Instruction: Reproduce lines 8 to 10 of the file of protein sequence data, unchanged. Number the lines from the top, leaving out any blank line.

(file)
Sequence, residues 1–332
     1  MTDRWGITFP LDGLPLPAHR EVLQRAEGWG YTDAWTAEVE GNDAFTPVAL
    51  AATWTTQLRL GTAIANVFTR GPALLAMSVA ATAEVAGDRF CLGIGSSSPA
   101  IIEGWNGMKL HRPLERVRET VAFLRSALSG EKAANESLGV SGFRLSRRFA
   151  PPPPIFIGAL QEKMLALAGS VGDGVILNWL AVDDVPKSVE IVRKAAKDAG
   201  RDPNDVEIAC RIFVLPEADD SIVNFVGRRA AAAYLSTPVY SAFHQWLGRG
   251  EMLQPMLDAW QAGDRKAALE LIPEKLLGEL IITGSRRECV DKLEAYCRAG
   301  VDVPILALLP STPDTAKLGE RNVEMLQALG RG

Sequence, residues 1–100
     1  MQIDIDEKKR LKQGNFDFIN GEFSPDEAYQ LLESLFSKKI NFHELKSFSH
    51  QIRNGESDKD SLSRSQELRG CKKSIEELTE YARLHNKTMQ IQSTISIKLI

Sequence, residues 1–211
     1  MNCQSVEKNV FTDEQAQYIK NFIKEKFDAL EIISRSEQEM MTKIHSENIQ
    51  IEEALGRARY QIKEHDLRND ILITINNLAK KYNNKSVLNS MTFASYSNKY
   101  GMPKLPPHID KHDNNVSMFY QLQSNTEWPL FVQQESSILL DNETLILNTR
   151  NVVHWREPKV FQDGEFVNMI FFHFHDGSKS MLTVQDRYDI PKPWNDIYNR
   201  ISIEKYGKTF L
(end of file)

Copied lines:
   301  VDVPILALLP STPDTAKLGE RNVEMLQALG RG

Sequence, residues 1–100
     1  MQIDIDEKKR LKQGNFDFIN GEFSPDEAYQ LLESLFSKKI NFHELKSFSH